So for our robot proposal our team decided to physically build as we built on Lego Digital Designer. This made for better "reality testing", so that we knew if our designs would actually work if programmed and put to the test on the field. Our final design had a long ferris-wheel arm for retrieving the water/ice & helium samples; 8 wheels strategically placed to provide maximum awesomeness; and an NXT where it could balance the weight of the arm.
The idea behind our retrieval arm is that if you use a simple lifting arm, you run the risk of dropping the samples when you lower your arm for more samples. So we decided to use a ferris-wheel idea that rotated each sample backwards, slid the samples onto a safety hook, and kept moving all at the same time.
Our wheels are built along the idea of a swerve drive. Now, if you don't know what that is, a swerve drive has one set of turning wheels in the front, and a set of powered wheels in the back. However, our idea is a bit altered.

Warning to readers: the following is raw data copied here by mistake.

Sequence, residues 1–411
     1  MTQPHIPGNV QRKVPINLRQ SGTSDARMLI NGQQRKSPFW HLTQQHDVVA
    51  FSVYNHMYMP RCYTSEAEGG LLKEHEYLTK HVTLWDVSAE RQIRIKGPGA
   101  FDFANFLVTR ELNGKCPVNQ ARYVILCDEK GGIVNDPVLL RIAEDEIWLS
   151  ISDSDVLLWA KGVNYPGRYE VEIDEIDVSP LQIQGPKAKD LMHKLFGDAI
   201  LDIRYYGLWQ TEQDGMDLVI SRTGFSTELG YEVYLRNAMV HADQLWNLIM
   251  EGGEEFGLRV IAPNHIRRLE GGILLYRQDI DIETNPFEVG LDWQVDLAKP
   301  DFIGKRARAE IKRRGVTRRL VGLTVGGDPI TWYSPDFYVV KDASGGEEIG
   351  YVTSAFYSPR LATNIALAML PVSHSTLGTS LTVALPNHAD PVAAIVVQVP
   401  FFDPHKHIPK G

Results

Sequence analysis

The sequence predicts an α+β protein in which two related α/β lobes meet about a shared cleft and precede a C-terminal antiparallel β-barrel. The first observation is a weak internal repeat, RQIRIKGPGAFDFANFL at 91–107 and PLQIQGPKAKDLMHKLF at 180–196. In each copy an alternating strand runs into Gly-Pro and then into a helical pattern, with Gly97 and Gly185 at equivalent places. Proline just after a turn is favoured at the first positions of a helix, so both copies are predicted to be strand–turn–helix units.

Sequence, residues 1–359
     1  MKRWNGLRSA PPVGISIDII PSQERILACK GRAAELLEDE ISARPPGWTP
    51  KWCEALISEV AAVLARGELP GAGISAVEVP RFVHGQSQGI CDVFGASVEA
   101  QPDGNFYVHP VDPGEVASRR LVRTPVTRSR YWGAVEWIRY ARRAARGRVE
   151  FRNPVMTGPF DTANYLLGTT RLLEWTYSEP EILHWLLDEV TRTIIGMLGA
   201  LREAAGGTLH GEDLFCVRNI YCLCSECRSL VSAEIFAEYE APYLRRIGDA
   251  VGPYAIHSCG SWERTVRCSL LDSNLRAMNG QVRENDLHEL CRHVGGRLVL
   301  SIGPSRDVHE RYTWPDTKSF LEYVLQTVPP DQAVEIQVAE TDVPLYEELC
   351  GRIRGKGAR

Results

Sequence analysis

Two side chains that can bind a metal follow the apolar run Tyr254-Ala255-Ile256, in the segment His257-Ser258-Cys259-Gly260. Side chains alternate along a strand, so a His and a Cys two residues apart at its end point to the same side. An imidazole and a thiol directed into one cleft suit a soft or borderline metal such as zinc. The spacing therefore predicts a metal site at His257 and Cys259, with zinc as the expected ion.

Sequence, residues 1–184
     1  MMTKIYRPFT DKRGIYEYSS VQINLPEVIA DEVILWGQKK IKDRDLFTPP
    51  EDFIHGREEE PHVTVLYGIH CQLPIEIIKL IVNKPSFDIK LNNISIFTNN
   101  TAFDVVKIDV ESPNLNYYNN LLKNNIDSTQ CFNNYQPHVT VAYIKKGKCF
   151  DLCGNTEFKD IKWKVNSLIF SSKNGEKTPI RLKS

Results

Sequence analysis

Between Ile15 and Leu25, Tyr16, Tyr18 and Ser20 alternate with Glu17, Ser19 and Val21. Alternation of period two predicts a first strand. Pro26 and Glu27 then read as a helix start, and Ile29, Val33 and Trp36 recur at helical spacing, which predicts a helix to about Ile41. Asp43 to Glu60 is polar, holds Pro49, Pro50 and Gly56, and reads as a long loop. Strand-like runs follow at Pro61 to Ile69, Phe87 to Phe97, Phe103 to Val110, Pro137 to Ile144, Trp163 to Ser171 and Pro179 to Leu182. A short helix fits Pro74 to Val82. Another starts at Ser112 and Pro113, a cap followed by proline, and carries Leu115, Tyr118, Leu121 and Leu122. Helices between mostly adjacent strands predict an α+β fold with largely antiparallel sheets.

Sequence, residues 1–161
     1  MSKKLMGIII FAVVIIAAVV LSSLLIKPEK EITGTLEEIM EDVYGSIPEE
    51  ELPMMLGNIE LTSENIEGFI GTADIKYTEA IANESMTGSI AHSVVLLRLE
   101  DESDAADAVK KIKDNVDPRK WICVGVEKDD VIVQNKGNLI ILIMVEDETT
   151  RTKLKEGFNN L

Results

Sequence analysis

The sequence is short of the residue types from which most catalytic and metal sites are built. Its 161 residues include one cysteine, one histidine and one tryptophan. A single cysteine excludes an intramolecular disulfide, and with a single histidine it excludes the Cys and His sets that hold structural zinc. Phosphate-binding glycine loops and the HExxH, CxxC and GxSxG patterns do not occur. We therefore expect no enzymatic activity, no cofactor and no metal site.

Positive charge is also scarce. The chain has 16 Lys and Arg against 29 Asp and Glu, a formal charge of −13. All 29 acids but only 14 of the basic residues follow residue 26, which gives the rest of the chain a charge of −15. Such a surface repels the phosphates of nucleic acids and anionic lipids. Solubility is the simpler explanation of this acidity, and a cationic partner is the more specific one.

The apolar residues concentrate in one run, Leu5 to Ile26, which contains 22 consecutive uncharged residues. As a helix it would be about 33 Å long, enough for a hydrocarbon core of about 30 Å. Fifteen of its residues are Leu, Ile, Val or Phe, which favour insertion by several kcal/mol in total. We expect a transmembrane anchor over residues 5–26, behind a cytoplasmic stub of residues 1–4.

Each wheel of the 4 wheels in the turning set is connected to a large gear above it. The gears are all interconnected, so that as one motor turns a gear, the wheels all turn in sync. The gear ration is set for torque, which means that the wheels can't be forced straight even if the powered wheels are pushing hard. It also allows for sharper and more sudden turns if needed.
The powered wheels are a whole different story. All of the 6 powered wheels are set at specific intervals, first of all so they turn the same way, but also so that certain sets have more torque, (meaning they push hard, but slowly), and others are geared for speed, (meaning they push fast, but they are weak). The shape of the gear train is also strange, as it isn't straight, but instead it is like an upside down "V" shape. This special shape is because of the crates and ridges that are set up around the Moonbots map. As we built our robot, we discovered that having a straight gear train wouldn't work because it got caught on the lip of the craters' ridges. However, the upside down "V" shape is perfect for the job, as it neatly avoids even coming close to the ridges.